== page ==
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Systems Seminar - CSE

Massively Multiplayer Online Games and Virtual Worlds as Macroscopes of Human Behavior

Jaideep SrivastavaProfessorUniversity of Minnesota
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Observation and analysis of a phenomenon at unprecedented levels of
granularity not only furthers our understanding of it, but also
transforms the way it is studied. For instance, invention of
gene-sequencing and computational analysis transformed the life
sciences, creating fields of inquiry such as genomics, proteomics,
etc.; and the Hubble space telescope has furthered the ability of
humanity to look much farther beyond what we could otherwise.

With the mass adoption of the Internet in our daily lives, and the
ability to capture high resolution data on its use, we are at the
threshold of a fundamental shift not only in our understanding of the
social and behavioral sciences, but also the ways in which we study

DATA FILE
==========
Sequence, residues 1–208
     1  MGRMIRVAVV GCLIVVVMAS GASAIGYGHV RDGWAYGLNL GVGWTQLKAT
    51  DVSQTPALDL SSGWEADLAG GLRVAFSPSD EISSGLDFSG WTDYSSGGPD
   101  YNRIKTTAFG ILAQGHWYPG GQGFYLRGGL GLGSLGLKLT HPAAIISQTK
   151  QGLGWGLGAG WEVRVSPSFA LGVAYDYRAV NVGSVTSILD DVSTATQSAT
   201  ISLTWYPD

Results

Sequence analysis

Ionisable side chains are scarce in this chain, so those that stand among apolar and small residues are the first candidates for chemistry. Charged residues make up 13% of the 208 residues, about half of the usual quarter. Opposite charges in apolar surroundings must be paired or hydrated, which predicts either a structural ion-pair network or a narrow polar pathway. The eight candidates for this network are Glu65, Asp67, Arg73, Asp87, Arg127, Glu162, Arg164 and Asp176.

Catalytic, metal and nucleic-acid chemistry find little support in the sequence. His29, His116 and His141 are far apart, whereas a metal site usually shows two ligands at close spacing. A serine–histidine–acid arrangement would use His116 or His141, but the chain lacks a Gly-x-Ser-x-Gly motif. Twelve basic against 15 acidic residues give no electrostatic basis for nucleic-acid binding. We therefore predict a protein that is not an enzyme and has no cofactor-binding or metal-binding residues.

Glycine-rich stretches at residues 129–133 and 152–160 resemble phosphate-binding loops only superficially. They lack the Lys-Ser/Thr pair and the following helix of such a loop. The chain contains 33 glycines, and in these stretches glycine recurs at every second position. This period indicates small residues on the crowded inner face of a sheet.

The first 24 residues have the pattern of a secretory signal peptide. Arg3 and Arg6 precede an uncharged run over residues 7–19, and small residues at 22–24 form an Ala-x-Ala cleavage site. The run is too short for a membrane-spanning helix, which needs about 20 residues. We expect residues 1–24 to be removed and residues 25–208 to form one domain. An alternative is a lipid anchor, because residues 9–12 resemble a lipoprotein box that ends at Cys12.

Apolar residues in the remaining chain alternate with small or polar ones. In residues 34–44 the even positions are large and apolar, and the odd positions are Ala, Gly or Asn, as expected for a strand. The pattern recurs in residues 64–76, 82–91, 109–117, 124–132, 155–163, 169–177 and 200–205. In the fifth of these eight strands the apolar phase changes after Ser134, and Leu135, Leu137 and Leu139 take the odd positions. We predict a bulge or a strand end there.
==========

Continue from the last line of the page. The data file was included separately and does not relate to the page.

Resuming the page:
them. Massively Multiplayer Online Games (MMOGs) and Virtual Worlds
(VWs) have become increasingly popular and have communities comprising
tens of millions. They serve as unprecedented tools to theorize and
empirically model the social and behavioral dynamics of individuals,
groups, and networks within large communities. This talk introduces
the Virtual World Exploratorium, a multi-institutional,
multi-disciplinary project which uses data from commercial MMOGs and
VWs to study many fields of social science, including sociology,
social psychology, organization theory, group dynamics,
macro-economics, etc. We will summarize finding from many of these
disciplines.

Given the amount of data being generated (e.g. all of Zynga's games on
Facebook generate around 3 terabytes of data a day), there are
exciting new challenges for the computer science community, especially
in the areas of data management, data mining, and algorithms. We also
present some findings in these areas.

This research is financially supported by the NSF, the Army Research
Institute, the IARPA, and by the ARL through a Network Science CTA
award. Sony Online Entertainment has provided the dataset for this
research.

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